State Patrol chief refutes major who said troopers purged emails, texts from 2020 riots

Minnesota State Patrol Col. Matt Langer is refuting a patrol major who testified this summer that a "vast majority" of troopers deleted emails and text messages about their response to the 2020 riots in Minneapolis and St. Paul.

"It is not true that a 'vast majority' of State Patrol data has been deleted," Langer said in a new federal court filing in a lawsuit filed by the American Civil Liberties Union over the patrol's use of force against journalists and protesters during the unrest.

Langer did not say how many text messages had been deleted before the State Patrol placed a hold on its 596 employees' electronic data on June 9, 2020, two days after the activation ended. He also did not say whether troopers had filed required reports about all use-of-force incidents during the disorder.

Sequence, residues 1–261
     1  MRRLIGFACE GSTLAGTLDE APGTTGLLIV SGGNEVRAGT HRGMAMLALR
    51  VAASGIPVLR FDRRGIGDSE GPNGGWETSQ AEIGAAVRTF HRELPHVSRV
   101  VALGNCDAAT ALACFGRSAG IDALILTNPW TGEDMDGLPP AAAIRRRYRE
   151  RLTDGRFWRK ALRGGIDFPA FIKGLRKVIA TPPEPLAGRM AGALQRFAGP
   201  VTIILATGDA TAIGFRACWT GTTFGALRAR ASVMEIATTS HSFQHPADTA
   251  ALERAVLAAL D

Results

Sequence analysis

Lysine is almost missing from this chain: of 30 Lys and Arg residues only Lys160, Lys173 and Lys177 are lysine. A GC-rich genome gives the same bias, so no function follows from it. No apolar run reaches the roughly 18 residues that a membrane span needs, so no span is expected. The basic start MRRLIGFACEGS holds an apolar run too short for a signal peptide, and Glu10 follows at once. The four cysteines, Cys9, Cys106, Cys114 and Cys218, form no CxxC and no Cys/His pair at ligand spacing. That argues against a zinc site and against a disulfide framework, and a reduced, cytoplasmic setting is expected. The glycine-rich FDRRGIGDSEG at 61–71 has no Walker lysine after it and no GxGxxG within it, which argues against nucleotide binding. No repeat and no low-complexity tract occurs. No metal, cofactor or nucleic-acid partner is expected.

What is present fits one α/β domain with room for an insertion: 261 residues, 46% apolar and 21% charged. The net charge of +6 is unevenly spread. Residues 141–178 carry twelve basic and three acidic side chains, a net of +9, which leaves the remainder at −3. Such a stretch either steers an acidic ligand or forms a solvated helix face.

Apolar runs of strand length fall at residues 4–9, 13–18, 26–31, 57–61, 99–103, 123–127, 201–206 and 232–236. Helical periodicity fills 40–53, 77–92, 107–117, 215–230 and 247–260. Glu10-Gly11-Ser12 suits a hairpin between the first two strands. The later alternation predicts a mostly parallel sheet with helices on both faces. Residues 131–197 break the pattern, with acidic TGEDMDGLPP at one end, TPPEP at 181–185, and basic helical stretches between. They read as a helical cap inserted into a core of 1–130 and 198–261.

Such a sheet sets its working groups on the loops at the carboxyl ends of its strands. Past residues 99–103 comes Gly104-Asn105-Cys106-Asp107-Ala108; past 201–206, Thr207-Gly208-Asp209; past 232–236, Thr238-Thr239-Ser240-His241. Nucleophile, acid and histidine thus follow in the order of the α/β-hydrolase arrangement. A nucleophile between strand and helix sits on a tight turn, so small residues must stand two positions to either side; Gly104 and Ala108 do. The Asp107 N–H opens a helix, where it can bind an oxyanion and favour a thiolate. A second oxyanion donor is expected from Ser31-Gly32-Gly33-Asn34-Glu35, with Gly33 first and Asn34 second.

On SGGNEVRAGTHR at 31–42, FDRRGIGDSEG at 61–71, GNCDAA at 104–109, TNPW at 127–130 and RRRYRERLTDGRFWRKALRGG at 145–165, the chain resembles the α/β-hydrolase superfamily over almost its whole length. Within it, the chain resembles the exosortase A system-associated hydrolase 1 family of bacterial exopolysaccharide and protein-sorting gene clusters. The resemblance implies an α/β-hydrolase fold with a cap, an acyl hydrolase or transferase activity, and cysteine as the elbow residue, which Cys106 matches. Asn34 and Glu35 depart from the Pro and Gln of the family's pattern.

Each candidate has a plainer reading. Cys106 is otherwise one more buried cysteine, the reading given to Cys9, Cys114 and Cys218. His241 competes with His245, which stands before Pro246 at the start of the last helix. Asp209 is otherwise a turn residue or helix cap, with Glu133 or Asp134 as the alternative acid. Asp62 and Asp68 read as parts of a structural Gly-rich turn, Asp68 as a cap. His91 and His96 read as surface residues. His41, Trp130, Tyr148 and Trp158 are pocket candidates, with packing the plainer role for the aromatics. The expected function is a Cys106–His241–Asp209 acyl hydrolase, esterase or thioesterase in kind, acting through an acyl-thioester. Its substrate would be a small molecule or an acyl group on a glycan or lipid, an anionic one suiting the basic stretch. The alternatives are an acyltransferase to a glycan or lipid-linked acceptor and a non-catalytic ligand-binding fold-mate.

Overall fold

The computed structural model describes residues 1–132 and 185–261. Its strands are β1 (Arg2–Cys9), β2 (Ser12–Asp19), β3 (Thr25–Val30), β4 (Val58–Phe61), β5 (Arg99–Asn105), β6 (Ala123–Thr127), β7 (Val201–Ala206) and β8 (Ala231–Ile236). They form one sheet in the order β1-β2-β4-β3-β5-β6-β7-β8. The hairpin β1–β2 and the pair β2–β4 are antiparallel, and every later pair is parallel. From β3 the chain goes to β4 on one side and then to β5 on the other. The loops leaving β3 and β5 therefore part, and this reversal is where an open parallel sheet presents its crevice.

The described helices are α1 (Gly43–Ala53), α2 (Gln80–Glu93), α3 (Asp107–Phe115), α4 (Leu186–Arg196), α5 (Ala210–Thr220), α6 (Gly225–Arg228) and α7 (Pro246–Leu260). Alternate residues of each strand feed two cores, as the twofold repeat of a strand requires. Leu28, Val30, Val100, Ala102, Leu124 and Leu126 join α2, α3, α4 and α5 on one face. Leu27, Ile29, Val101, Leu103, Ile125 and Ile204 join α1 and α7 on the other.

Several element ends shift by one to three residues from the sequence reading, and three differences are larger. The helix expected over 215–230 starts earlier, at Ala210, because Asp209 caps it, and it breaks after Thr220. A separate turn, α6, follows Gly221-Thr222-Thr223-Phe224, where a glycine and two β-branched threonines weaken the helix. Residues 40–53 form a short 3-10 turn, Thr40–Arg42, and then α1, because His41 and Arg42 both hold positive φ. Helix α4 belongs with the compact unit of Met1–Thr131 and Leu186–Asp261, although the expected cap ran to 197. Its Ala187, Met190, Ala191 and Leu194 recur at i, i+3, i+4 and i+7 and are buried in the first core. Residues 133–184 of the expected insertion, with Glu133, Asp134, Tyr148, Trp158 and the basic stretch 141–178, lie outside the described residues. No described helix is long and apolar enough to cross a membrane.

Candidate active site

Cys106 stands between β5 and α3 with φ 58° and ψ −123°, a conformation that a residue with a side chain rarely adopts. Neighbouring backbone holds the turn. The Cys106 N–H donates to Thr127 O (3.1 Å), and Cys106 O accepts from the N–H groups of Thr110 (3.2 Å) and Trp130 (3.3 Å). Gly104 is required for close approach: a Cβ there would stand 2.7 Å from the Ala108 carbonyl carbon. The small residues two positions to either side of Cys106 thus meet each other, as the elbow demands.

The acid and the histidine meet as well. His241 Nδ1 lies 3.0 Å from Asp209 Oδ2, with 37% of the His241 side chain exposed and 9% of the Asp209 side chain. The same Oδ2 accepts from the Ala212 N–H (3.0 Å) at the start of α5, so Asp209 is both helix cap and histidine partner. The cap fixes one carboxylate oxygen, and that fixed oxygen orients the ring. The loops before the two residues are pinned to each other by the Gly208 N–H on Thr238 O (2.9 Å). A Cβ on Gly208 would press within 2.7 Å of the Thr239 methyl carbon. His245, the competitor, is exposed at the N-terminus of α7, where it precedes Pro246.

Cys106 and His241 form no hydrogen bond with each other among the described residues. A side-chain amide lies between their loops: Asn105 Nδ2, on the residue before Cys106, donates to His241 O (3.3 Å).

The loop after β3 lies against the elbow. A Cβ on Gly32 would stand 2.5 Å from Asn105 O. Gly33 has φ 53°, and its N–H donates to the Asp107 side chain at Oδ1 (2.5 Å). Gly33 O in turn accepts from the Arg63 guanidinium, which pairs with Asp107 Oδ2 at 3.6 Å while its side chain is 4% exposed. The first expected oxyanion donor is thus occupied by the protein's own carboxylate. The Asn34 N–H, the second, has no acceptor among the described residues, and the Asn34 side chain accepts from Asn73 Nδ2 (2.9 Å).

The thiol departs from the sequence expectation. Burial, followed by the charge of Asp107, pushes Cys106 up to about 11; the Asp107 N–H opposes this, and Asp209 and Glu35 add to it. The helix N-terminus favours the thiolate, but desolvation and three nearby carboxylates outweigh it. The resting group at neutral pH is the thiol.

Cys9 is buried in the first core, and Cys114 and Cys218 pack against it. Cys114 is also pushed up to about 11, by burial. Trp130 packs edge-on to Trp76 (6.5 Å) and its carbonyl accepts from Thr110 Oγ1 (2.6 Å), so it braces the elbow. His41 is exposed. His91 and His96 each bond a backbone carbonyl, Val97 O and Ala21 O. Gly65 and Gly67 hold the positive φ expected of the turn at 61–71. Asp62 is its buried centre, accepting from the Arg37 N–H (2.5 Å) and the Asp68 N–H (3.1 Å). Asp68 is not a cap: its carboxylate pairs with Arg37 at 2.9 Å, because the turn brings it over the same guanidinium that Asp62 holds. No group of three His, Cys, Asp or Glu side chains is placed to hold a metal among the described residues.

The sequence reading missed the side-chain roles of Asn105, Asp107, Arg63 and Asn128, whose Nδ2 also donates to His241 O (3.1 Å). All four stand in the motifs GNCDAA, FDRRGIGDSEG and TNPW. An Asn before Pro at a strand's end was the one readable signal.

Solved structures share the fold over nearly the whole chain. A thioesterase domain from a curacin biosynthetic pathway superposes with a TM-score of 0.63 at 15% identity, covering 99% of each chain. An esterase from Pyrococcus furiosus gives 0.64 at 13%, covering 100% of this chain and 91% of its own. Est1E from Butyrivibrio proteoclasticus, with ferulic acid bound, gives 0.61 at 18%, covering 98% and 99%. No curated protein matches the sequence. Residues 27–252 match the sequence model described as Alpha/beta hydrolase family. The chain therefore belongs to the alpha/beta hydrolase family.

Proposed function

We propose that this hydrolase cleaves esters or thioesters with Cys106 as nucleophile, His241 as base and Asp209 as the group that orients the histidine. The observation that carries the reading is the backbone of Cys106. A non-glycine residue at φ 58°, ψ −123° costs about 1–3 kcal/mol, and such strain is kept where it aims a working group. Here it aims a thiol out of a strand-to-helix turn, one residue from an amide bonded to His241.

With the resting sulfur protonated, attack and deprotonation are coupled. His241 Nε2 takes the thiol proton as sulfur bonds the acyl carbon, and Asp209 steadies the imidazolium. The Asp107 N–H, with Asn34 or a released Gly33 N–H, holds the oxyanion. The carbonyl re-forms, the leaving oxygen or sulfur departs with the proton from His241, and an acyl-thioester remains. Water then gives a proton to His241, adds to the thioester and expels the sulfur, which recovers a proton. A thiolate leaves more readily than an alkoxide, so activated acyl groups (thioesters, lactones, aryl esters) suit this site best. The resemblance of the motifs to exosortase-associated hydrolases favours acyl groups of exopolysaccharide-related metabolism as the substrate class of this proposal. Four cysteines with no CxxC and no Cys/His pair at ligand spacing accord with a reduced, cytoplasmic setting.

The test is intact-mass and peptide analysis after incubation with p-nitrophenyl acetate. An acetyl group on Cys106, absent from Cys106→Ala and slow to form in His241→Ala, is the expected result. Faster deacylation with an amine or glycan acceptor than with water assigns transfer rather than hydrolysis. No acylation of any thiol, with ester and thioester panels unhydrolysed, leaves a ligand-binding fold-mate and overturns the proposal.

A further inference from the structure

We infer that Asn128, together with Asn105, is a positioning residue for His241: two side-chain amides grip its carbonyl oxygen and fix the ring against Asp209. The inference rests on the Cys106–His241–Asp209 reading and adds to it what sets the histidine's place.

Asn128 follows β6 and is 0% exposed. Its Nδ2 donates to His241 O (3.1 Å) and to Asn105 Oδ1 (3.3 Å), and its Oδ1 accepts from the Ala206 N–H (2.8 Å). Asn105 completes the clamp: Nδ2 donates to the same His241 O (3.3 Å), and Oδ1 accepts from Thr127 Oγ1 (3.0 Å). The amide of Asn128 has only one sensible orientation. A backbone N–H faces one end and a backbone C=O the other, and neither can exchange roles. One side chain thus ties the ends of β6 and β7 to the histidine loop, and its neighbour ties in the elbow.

In July, Maj. Joseph Dwyer testified that he and many others in the agency had deleted their emails and texts and suggested that it was standard practice to do so. At the time, the ACLU blasted the deletion of records as a "purge."

In Thursday's new court filing, Langer said news coverage of Dwyer's testimony gave him "serious concerns about the damage this has done to the State Patrol's reputation" and questioned whether the patrol could get a fair trial in the Twin Cities.

Separately, Langer argued that an April 2021 restraining order that prevents troopers from detaining or using force against journalists is "problematic." A federal judge granted the restraining order during violent protests this spring when troopers detained and photographed journalists, while injuring others with rubber bullets.

This story is developing and will be updated.